Some in a sedentary fashion, others in a vagabond style.
According to British Waterways which cares for "2,200 miles of the country's canals and rivers", the inland waterways in the UK, some 3000 'continuous cruisers' got a license from them.
What distinguishes these 'continuous cruisers' that they have to move to a new spot every two weeks.
According to Wikipedia, "British Waterways (BW) defines a continuous cruiser as a boat which is always on the move (subject to a maximum stay of 14 days in any one location) and making "reasonable progress" (limited backtracking and reasonable journey lengths) between successive moorings. Anyone genuinely touring the network has little difficulty meeting these criteria, except when travelling conditions are poor or when canals are "stopped" (and exceptions are allowed for these circumstances). Controversially, BW "recommend" that a boater who keeps a log of their trip is less likely to have problems justifying their CC credentials ."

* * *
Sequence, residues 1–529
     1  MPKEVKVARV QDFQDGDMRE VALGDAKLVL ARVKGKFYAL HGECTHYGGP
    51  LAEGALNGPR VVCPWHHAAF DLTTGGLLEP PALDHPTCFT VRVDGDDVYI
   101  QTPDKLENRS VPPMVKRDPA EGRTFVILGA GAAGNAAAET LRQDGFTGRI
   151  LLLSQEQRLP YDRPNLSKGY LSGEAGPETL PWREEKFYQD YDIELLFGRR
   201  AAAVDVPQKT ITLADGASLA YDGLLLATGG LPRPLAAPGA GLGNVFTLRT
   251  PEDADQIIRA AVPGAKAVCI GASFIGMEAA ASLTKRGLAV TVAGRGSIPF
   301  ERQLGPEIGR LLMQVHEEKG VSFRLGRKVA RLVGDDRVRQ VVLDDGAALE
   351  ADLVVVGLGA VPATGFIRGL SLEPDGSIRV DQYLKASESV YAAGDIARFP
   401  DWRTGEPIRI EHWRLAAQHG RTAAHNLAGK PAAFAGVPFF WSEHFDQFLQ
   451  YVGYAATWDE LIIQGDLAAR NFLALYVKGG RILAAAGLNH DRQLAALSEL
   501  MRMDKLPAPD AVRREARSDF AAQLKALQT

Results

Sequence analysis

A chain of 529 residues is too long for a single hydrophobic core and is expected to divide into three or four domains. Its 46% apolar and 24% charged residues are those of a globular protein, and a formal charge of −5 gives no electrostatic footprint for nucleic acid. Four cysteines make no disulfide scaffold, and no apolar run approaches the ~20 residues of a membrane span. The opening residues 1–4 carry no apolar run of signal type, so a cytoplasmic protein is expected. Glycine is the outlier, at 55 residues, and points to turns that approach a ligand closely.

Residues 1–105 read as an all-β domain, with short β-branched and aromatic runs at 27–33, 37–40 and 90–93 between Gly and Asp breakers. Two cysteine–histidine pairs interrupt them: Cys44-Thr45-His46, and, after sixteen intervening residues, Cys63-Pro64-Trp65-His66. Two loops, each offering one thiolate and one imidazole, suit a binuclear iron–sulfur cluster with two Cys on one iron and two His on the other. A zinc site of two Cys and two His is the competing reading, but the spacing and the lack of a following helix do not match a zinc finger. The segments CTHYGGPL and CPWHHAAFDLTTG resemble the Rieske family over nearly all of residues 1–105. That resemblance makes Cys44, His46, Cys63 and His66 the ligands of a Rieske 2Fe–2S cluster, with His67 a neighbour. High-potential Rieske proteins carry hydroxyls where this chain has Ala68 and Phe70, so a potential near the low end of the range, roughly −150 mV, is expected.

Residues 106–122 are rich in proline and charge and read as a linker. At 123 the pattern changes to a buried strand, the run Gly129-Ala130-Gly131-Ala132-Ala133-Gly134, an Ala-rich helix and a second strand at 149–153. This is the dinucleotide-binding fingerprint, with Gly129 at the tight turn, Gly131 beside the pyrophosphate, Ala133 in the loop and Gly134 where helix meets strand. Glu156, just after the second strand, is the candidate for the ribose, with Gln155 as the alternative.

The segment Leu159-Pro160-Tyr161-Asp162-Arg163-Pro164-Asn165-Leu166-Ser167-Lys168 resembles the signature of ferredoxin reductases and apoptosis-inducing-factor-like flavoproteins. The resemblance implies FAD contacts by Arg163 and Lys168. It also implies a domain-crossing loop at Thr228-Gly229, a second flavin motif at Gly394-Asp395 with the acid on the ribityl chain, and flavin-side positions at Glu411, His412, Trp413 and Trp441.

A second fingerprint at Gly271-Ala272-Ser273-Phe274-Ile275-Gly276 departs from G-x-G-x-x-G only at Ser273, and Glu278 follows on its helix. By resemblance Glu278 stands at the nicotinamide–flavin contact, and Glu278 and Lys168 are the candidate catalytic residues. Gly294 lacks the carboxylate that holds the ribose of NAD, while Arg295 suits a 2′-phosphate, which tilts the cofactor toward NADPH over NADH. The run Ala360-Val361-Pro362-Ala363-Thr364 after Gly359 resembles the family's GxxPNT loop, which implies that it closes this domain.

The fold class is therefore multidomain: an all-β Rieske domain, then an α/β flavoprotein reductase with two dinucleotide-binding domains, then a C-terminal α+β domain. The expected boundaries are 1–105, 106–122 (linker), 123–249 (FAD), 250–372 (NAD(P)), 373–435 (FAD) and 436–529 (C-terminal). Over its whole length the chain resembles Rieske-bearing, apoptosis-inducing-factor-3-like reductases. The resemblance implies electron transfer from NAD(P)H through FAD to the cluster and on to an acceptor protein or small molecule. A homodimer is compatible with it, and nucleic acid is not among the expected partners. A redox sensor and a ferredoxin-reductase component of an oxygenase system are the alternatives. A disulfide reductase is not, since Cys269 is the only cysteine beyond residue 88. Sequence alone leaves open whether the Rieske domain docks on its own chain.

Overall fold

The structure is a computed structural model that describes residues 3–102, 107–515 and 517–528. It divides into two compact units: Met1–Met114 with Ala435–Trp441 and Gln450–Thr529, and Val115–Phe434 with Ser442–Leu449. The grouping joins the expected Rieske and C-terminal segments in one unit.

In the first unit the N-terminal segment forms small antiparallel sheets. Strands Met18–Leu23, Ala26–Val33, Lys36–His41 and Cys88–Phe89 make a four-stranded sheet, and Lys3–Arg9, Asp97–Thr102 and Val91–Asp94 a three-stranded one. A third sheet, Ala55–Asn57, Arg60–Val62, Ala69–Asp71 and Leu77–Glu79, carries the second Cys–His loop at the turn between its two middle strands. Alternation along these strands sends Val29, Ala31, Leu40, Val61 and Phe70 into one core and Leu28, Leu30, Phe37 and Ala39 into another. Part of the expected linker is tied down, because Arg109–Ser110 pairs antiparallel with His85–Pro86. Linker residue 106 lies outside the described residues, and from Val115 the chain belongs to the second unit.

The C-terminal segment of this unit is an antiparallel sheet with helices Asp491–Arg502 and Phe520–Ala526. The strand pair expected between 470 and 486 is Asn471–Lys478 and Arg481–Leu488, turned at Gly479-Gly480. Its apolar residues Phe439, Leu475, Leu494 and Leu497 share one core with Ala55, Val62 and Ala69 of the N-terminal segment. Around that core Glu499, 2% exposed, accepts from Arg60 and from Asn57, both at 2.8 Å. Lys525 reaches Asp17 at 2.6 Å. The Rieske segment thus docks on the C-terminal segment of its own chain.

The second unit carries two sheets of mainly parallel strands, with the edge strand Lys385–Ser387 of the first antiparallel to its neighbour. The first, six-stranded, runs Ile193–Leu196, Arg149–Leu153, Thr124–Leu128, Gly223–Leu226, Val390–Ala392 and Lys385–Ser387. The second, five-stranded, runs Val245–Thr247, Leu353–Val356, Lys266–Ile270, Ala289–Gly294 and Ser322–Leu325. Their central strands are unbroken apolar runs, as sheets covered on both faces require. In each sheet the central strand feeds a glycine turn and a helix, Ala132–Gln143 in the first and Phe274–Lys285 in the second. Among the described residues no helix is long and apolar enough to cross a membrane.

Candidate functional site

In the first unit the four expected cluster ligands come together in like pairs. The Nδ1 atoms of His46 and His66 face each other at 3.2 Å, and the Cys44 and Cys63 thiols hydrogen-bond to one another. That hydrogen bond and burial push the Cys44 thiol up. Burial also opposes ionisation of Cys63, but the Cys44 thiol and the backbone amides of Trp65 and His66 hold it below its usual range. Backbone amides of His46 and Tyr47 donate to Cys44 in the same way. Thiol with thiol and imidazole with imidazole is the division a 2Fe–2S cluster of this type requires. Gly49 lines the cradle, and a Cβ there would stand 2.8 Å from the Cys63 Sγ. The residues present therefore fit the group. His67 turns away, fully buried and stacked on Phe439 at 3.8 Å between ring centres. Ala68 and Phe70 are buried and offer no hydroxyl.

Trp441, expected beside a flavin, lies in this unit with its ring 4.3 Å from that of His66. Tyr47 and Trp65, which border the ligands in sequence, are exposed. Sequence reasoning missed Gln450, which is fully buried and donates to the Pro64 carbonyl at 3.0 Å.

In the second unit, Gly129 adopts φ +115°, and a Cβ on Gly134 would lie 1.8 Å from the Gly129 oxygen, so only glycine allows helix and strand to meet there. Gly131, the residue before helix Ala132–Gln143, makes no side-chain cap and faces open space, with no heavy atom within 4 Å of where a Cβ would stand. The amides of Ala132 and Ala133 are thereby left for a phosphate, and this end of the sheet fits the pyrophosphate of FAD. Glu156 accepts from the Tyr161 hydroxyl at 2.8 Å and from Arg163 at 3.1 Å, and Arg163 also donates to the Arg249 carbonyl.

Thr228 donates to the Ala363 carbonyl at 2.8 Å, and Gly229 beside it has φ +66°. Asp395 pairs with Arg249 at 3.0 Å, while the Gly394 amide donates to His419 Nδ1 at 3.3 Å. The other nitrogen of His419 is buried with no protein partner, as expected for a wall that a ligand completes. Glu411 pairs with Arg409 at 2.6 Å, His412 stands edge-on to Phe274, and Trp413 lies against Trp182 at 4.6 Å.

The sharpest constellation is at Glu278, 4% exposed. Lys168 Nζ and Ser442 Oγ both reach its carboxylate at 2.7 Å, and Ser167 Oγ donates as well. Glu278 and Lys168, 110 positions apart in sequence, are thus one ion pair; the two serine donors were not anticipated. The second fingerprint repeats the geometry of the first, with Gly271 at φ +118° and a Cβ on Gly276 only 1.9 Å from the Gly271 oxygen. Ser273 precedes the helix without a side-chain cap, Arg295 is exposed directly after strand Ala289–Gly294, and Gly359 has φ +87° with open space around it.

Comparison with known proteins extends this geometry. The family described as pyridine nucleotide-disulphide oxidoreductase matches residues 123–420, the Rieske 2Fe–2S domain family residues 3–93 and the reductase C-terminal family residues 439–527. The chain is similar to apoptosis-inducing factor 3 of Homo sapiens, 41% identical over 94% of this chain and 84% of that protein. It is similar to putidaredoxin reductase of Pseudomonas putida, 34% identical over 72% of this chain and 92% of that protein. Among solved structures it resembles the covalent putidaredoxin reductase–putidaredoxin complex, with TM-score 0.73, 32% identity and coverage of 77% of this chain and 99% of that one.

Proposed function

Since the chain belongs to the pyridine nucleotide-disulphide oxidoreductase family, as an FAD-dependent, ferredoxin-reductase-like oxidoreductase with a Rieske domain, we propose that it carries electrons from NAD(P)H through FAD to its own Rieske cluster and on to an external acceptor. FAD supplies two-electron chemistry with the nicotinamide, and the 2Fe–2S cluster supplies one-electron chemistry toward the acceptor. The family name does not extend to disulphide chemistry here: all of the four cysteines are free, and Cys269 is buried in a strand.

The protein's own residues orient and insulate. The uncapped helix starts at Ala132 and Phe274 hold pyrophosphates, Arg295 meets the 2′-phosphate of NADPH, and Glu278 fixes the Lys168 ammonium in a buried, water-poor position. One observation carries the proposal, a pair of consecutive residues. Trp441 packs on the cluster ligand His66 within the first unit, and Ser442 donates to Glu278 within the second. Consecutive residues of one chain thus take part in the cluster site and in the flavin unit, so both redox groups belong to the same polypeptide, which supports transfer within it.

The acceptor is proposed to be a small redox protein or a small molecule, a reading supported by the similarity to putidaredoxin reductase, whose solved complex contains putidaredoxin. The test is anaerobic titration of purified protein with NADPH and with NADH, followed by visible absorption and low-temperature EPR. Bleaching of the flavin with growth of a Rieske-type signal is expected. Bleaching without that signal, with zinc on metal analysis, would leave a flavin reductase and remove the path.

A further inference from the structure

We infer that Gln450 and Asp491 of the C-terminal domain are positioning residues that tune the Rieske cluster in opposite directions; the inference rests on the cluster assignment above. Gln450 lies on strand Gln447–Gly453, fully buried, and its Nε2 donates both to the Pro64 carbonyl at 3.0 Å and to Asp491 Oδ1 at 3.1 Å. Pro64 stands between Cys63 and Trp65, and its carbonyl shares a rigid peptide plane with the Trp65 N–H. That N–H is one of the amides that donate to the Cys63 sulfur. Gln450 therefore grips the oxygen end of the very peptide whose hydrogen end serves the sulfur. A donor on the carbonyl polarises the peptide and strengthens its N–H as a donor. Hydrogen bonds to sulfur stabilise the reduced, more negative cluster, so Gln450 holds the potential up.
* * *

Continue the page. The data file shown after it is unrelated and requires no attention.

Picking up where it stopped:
In a detailed and humorous way, RBOA member Peter Earley gives his take on Life as a Continuous Cruiser, from toilets to arcane rules to weather warning.
RBOA by the way stands for Residential Boat Owners Association.
Self described loner, Narrowboat Bones offers us a view of Somerton Deep Lock (picture below, from his site) on August 14.
One of these Continuous Cruisers might be a good addition to our No Vacation Nation, Is Vagabonding the Right Medicine panel at South by Southwest.
Voting on the Panels ends on September 7 so You Can Still Jump in and give us the Thumbs Up.
It would add some color and expand the discussion beyond the US borders.
Life in the slow lane...